Solving society's challenges
Interim President Joseph A. Alutto describes how Ohio State's size and scale enable it to find solutions that benefit communities everywhere.
When the Orange Bowl ends Friday night, the transformative work of two land-grant universities will continue off the field. Inside Sun Life Stadium, The Ohio State University and Clemson University will be fierce opponents. Off the field, both universities share a common mission to improve the quality of life in communities across America.
Ohio State is one of the biggest and most comprehensive universities in the country with 14 different colleges, including seven health sciences colleges, and more than 300 collaborative research centers and initiatives. As such, the university has the infrastructure, intellectual depth and collaborative spirit to address the world's most pressing problems. More important, as a land-grant university, Ohio State is duty-bound to make the world a better place — in Florida, South Carolina, Ohio and beyond.
Each and every day, Ohio State tackles issues that South Florida residents care deeply about — from cutting-edge neurological research deep inside the human brain to deep-sea research aimed at healing the world's battered coral reefs.
At Ohio State's Wexner Medical Center, neurosurgeon Ali Rezai and his team have stretched the limits of deep brain stimulation with ground-breaking research. They have become among the first in the world to develop trials to investigate whether this technique, known for its effectiveness in tremor disorders such as Parkinson's disease, can treat obesity, autism, stroke, post-traumatic stress disorder and other neurological conditions.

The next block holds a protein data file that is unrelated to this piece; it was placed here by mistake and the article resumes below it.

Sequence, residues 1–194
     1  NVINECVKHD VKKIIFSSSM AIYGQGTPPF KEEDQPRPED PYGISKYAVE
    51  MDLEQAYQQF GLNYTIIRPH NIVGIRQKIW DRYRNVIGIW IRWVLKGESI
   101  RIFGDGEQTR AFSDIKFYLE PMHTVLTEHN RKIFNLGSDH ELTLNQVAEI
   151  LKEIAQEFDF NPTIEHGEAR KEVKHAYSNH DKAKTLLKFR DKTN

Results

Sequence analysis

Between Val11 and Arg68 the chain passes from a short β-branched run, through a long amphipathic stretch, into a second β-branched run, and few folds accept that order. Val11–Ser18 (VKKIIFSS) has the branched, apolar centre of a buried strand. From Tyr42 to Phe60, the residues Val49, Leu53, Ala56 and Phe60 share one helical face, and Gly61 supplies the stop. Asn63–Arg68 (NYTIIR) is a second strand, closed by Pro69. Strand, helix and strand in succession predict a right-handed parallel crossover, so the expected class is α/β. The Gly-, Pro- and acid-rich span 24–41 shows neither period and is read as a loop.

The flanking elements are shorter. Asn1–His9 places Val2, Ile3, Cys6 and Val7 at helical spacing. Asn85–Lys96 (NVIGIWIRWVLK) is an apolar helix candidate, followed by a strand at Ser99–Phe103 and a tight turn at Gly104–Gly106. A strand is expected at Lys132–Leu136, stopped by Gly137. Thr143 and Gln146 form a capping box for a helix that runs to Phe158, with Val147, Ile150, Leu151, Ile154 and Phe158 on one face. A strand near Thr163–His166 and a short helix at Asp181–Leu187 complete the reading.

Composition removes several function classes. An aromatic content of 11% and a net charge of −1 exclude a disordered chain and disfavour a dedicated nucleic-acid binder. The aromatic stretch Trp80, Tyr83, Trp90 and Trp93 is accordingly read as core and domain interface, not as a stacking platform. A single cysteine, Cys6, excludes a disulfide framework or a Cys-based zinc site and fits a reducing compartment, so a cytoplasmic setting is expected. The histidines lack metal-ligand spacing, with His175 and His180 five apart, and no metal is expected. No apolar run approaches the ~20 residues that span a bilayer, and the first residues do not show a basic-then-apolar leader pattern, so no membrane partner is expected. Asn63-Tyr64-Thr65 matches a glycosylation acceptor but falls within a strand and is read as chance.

Continuing to search for new applications for the process that places tiny electrodes in the brain to help regulate electrical signals, Rezai's team recently implanted the first "brain pacemaker" in a woman with Alzheimer's to test the technique's effectiveness in improving cognitive and behavioral functioning. This research may someday extend and improve the lives of Florida's senior population by finding answers to the neurological riddles that diminish the lives of many of our elderly.
Ohio State's research also plumbs the deepest waters of the ocean. Off the coast of Hawaii, Ohio State earth sciences professor Andrea Grottoli leads a team studying the effects of climate change and land use on coral. She hopes to learn ways we can help coral reefs — home to 25 percent of all marine species — thrive in an undersea world threatened by climate and acidification. Someday, her research could help the Great Florida Reef and other fragile ecosystems survive and adapt in the coming century.
Back on dry land, Ohio State research on driver behavior may someday curb Florida's harrowing pedestrian and bicycling fatality rates, which were the highest in the country last year. Developed in partnership with Honda R&D Americas, Ohio State's Driving Simulation Laboratory uses state-of-the-art technology to study the factors that affect driver behavior and road safety. This innovative research into the psychological components of the driving experience could lead to breakthroughs in vehicle safety.
The noble quest to learn more about our mysterious and marvelous world and solve the problems that confound modern society is the driving force behind all of our research. Ohio State strives continually to find innovative solutions that will make a real difference in the lives of people in your neighborhood and across this globe.
There is no higher calling, and we are proud to devote our lives to it.
Previously published in the Miami Herald.